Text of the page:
"He's a bit of a wild one!" Says Simon about Petruchio, as he discusses his initial impressions of the play and his character.
Time: 3 minutes 44 seconds
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Transcript of Podcast
Looking at pre-rehearsal, were you familiar with it before? Did you read it?
Simon Paisley Day:
I had read it. I had seen a TV version of it with John Cleese a long time ago but I’ve never seen it in the theatre, amazingly. I hadn’t really read the play either. I did a scene from it when I was at school-the seduction, the wooing scene between Kate and Petruchio-and I hadn’t really read it since then. So I didn’t learn the lines, I read it briefly. I sort of trusted to a six week rehearsal period, thinking “that’s enough to get inside a play and to do it properly.”
What were your initial impressions of the play?
I was aware of it as a controversial piece in these post-feminist times. Not that it doesn’t get done; it’s still very popular, I think, but it’s always sort of shrouded in controversy. You know, “how are you going to do it? How are you going to solve it?” So it was a relief to me when Toby [director] said he was setting it in Elizabethan times because if you set it post-feminism you have to solve it somehow because it’s unpalatable to us. I think, as a period piece, I hope it will be less controversial. I mean, what we seem to be going towards is presenting a woman who is plainly miserable. She’s had no boundaries in modern parenting parlance. She’s had no parameters. She’s got a weak father who sort of gives into her, doesn’t punish her. She’s slightly crazy with her lack of boundaries. No mother on the scene. She’s out of control. She needs controlling in a way because she’s so miserable. So that’s quite interesting, sort of thinking about the play in that sense because I am, you know, hopefully, my new man credentials are in place; I don’t beat my wife, I don’t starve her, I don’t keep her up all night, all that sort of thing and I believe in equal opportunities. It’s difficult or odd playing a bloke who thinks “I’m just gonna starve her and I’m gonna keep her up all night and I’m gonna break her spirit so that she does what I say.”
You’ve touched on it a little bit, but what were your initial impressions of the Petruchio, then?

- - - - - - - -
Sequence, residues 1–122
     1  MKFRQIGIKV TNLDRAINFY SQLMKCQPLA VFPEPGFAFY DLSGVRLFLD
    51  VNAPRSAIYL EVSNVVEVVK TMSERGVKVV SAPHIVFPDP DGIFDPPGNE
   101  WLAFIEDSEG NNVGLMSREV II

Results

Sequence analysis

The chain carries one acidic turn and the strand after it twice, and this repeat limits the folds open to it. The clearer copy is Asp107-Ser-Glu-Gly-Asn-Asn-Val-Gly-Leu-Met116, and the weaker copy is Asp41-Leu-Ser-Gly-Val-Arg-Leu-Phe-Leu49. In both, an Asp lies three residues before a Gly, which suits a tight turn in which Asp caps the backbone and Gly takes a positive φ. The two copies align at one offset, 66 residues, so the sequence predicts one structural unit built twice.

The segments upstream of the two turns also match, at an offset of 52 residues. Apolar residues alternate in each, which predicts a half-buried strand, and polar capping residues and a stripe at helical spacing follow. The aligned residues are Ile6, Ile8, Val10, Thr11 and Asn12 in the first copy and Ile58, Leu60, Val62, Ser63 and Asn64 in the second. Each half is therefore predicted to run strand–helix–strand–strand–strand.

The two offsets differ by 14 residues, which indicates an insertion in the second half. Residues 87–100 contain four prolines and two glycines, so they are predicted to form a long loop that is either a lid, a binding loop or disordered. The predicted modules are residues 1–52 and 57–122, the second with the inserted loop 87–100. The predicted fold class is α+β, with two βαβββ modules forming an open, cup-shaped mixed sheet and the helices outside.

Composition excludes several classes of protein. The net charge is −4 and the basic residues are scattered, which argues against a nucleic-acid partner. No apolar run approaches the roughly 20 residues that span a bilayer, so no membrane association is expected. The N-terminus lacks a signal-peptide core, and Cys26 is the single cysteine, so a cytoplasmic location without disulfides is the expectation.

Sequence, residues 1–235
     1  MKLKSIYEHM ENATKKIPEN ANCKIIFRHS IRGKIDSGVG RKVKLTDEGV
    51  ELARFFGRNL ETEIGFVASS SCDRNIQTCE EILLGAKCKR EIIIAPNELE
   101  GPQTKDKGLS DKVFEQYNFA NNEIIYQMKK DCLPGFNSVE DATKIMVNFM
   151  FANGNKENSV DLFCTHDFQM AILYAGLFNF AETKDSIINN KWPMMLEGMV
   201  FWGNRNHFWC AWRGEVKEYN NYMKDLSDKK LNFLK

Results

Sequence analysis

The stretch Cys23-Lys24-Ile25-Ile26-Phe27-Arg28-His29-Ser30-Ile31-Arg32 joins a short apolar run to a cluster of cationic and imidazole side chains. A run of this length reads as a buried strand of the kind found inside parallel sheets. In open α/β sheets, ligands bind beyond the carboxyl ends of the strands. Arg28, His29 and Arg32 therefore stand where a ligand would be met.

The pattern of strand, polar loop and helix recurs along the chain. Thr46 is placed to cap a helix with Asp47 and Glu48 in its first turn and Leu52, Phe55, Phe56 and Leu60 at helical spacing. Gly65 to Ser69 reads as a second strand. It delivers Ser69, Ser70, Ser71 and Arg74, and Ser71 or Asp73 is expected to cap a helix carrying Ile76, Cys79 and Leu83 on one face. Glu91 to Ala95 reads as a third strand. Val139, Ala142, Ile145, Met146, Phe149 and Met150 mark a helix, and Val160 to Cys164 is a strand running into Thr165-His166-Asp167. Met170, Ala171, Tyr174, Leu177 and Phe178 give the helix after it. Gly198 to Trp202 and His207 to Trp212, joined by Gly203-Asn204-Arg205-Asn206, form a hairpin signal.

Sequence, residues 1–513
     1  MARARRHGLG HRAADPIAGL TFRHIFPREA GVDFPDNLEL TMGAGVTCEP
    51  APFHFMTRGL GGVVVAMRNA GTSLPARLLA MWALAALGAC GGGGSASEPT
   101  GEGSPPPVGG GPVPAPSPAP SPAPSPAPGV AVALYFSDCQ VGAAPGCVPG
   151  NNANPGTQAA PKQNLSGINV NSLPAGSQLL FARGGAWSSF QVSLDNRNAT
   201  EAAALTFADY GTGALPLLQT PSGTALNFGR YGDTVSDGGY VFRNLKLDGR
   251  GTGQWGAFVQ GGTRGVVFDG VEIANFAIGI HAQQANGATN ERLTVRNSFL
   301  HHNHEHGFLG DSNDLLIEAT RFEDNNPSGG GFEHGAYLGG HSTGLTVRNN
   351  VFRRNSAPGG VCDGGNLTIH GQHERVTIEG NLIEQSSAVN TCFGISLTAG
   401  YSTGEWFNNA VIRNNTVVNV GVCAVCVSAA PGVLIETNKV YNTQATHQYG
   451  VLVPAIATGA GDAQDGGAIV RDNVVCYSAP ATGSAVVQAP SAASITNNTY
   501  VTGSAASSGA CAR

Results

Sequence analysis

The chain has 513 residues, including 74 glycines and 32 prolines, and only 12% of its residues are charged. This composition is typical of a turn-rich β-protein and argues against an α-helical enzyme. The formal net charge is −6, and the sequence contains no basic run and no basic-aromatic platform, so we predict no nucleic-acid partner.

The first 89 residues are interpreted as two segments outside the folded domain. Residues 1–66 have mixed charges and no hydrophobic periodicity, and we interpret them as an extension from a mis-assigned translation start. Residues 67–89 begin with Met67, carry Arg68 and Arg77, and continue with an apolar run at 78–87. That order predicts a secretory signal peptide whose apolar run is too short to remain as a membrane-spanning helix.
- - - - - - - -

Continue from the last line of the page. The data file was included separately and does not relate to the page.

Well, he’s a bit of a wild one. It’s no accident that Shakespeare made him come from a different town. You’ve got Padua and you’ve got the way things are done in Padua: it’s sort of new money, merchant class, everyone showing off their lovely clothes and how much money they’ve got. Certainly money’s on Petruchio’s mind, but he’s from old Verona. He seems to sort of live…well maybe he lives in Verona. In my mind he lives slightly out of Verona on a farm or, you know, somewhere in the hills and his house is a bit tatty. It’s a real sort of bachelor, draughty place and his clothes sort of fit that; they’re quality but they haven’t been changed them for ten years. He might have washed them but he hasn’t bought new clothes in ten years. He doesn’t care about all that really. So he comes to Padua slightly out of sorts, talking about how his father’s just died and I think that does matter to him because he finds two new fathers in the play: he calls Baptista and Vincentio “father”. So, I think he is a…sort of a lost boy and he’s in his draughty home in Verona, having lost his father, he’s done a bit of womanising in his time and I think he thinks “Ok, I’m going to go to Padua, and I’m going to find a wife and I am going to marry.” So, he’s slightly shiftless and has lighted on this idea as just something to do. “Time to get married. Don’t really care to whom, so long as it’s a load of money.” He’s never been in love before and then he sees Kate and he goes “Oh my God, you are lovely but you’re a cow”, so you know he is absolutely enchanted with her but he obviously sees his challenge set out for him.